Bangkok Clear: a campaign of prejudice against the marginalized community

The mega city is a dream come true for those with the wealth to spend and invest, a city filled with temples, mosques and shrines dedicated to almost every known immortal and a launching pad for travel-hungry tourists. It is also home to the homeless, the residents of slums and people using drugs, among many other most-at-risk populations (MARP).

I know, I've been harping on this issue on Twitter, that the city's independent government, called Bangkok Metropolitan Administration (BMA), is on a quest to "clean" the streets of undesirables, the vagabonds, the economically oppressed and members of rejected communities.
Bangkok Metropolitan Administration
The campaign, covering the span of this mighty city, is simply called "BANGKOK CLEAR" with that usual swag of publicity, photo-shoot opportunities, high-society lectures, and supposedly intelligent members of organizations that clearly don't believe in harm reduction, much less the human rights aspect of drug users and the urban poor.

The Governor of Bangkok seems confident of clearing the streets and back lanes of what society and his office perceives as unattractive addicts who pollute his city. BMA, along with their legions of social consultants and adoring fans, are clearly ignorant of issues and concerns of MARP, such as the right to medical facilities for those who want to fight the addiction and to living a life free of stigma and prejudice.
Thailand BMA
But that is not going to happen with this self-righteous campaign that seems to criminalize drug users, ostracize their families and loved ones.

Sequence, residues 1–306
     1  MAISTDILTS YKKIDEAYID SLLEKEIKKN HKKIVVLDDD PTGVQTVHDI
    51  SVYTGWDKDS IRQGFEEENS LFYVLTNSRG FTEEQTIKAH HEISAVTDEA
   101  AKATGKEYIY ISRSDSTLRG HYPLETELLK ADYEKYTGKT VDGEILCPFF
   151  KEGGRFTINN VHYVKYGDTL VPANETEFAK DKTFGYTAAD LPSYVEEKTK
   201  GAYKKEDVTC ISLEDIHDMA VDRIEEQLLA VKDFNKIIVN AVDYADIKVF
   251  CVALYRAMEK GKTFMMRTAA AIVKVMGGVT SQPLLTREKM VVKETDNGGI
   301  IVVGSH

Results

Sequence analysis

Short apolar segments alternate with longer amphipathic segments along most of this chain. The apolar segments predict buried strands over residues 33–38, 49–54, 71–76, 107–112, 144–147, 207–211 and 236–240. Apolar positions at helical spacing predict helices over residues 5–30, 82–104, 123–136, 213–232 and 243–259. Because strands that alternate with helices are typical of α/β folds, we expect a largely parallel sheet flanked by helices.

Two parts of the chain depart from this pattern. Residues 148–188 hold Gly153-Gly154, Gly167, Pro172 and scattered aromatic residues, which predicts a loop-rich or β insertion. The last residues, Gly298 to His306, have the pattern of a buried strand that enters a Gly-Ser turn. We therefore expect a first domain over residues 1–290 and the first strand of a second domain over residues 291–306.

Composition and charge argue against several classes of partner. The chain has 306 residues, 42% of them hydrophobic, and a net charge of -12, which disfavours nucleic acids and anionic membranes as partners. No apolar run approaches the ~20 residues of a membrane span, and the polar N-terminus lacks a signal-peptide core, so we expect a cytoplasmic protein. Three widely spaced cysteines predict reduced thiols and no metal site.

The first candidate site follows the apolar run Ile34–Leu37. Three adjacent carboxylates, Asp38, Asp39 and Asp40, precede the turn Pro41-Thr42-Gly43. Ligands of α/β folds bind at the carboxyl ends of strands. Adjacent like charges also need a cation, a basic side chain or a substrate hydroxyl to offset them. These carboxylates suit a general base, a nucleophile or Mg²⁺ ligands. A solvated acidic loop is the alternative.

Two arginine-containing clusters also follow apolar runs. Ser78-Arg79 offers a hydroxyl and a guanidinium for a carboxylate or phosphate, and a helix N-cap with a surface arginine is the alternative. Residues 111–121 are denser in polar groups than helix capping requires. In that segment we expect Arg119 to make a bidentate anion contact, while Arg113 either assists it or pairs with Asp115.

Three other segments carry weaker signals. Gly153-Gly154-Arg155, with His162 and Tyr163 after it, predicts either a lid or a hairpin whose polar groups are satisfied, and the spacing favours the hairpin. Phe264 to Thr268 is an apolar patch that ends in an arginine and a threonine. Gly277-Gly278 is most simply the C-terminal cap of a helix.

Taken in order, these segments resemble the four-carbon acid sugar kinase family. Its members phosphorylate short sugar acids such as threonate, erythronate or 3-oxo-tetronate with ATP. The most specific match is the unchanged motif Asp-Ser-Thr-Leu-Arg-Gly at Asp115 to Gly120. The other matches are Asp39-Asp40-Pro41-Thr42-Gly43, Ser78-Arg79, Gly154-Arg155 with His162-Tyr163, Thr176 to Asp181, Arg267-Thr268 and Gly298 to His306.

Flashy media campaigns, mass-producing souvenirs with corny messages, handing out anti-drug pamphlets to the public, clean-up crew conducting their rounds, and making threats of harsh prosecution will not work based on confrontational programs of the past and in other countries, particularly in southeast Asia. Rehabilitation centers, more like boot camps or harsh detention centers within the region, is dotted with problems especially on their method of "treatment" for drug users, the compulsory detainment of users, and the relapse rate after graduating from the programs. Drug policy within ASEAN is naturally in a mess, with their ambitious goal of creating a "drug-free region" by 2015. 

Interestingly, the minister of justice for Thailand's national government is considering the possibility of legalizing the use of krathom leaves, and he hopes to study the matter with stakeholders, such as the authorities and hopefully with civil society. As a harm reductionist, I welcome any initiative that seeks to build policies or campaigns based on consultative process with MARP, when human rights of individuals are enshrined and respected. I hope that statements from ministers are not half-baked attempts at garnering support or said at the spur of the moment. Its about time authorities take drug policy at a different level, by engaging with MARP in collectively designing, implementing and evaluating harm reduction programs and eventually remove the stigma placed by the arrogance and prejudice of people.


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